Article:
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Why Has Mortality Related to Pancreatectomy Declined?

Why Has Mortality Related to Pancreatectomy Declined?

SAN FRANCISCO—Nationally, the rate of in-hospital mortality associated with pancreatectomy for pancreatic cancer and other neoplasms has decreased in recent years, researchers reported at the 2006 Gastrointestinal Cancers Symposium (abstract 94). Although a greater proportion of these procedures are now being done in higher-volume hospitals, this shift only partly explains the drop in mortality. Investigators at the University of Massachusetts Medical Center led by James T. McPhee, MD, used a nationally representative sample—the National Inpatient Sample—to study trends in outcomes of pancreatectomy for neoplasms between 1998 and 2003.

The overall rate of in-hospital mortality for the entire 6-year period was 5.8%, Dr. McPhee said. When the data were stratified by year, the rate decreased significantly, from 7.7% in 1998 to 4.4% in 2003. A regression analysis further confirmed the drop in mortality, indicating that this outcome fell by 0.42% per year.

The investigators next stratified hospitals by volume, in a way that maintained equal numbers of patients in each group. By this process, low-volume hospitals were those performing fewer than four pancreatectomies for neoplasms each year; medium-volume ones, 4 to 13 per year; and high-volume ones, more than 13 per year. For the entire 6-year period, the in-hospital mortality rate was 9.6%, 5.5%, and 2.1% in low-, medium-, and high-volume hospitals, respectively. As found among hospitals overall, the rate fell within each group during the study period: from 14% to 8.3% in the low-volume facilities, from 4.3% to 3.5% in the medium-volume ones, and from 2.8% to 2.0% in the high-volume ones.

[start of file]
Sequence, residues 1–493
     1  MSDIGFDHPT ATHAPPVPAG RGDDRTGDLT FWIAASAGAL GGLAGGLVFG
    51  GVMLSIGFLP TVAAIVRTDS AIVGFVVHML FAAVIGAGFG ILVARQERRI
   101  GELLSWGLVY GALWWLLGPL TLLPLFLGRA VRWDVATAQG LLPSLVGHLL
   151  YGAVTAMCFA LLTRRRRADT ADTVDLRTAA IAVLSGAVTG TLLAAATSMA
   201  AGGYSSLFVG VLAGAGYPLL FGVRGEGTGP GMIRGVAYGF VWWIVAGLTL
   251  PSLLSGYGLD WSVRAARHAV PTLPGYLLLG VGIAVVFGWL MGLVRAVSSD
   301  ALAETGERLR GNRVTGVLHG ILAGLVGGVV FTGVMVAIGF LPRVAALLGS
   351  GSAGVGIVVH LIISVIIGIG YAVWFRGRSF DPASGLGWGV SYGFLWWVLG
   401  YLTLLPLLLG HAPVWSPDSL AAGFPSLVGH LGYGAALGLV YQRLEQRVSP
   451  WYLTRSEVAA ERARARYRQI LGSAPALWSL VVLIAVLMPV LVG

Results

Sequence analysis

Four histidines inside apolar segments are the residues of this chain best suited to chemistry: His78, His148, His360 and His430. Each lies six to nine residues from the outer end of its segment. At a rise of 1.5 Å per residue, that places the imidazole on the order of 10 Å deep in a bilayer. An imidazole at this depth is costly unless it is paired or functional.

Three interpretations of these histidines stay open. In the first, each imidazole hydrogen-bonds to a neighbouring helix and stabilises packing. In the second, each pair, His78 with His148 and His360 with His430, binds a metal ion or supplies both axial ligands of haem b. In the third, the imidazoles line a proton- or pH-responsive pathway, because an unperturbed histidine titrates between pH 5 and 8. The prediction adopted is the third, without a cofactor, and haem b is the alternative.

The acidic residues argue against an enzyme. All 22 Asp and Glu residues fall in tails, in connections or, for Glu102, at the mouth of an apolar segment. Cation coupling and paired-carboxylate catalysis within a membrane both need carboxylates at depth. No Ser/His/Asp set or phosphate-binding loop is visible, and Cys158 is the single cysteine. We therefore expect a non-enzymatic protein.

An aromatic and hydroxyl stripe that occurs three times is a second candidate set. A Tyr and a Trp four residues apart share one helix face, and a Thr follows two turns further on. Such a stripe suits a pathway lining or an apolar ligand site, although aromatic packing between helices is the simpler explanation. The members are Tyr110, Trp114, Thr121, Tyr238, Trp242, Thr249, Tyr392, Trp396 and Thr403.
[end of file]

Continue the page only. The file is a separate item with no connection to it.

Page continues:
In a multivariate analysis including seven factors (age, sex, hospital surgical volume, hospital teaching status, year of resection, payer status, and comorbid conditions), compared with patients operated on in high-volume hospitals, those operated on in medium-volume ones had more than double the risk of death (odds ratio, 2.4) and those operated on in low-volume hospitals had more than quadruple the risk (odds ratio, 4.1).

"Interestingly, while in the univariate analysis, hospital teaching status was correlated with operative mortality, with urban teaching hospitals having superior outcomes, when adjusted for the other variables, specifically hospital surgical volume, hospital teaching status then became insignificant," Dr. McPhee noted.

Paradigm Shift?

The observed temporal pattern of in-hospital mortality could not be explained by disproportionate sampling of hospitals of various volumes over time or by differing patient case mixes at hospitals with differing volumes, according to Dr. McPhee. "This prompted us to ask this question: Could the decrease in mortality over time reflect a paradigm shift whereby a higher percentage of pancreatic resections are being performed at the higher-volume surgical centers?" he said.

Further analysis supported at least some role for this phenomenon: From 1998 to 2003, the proportion of all resections done annually in high-volume hospitals increased from 32% to 40%, and for medium- or high-volume hospitals, from 60% to 69%.

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